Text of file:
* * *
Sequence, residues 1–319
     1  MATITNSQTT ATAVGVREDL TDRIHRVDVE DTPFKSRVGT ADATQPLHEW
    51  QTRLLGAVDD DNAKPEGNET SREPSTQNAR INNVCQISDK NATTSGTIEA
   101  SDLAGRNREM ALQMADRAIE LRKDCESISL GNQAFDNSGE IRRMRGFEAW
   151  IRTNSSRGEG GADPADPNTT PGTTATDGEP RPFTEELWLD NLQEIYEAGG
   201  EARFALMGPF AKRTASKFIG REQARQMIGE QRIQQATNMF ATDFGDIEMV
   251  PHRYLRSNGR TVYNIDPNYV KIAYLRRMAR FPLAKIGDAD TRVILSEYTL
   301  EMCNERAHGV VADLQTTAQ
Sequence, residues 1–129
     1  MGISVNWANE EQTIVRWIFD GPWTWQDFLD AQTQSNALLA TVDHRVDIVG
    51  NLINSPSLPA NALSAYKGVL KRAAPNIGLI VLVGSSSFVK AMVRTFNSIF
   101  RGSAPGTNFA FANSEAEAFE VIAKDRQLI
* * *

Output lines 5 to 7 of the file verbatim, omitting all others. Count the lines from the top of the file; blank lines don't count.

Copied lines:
   151  IRTNSSRGEG GADPADPNTT PGTTATDGEP RPFTEELWLD NLQEIYEAGG
   201  EARFALMGPF AKRTASKFIG REQARQMIGE QRIQQATNMF ATDFGDIEMV
   251  PHRYLRSNGR TVYNIDPNYV KIAYLRRMAR FPLAKIGDAD TRVILSEYTL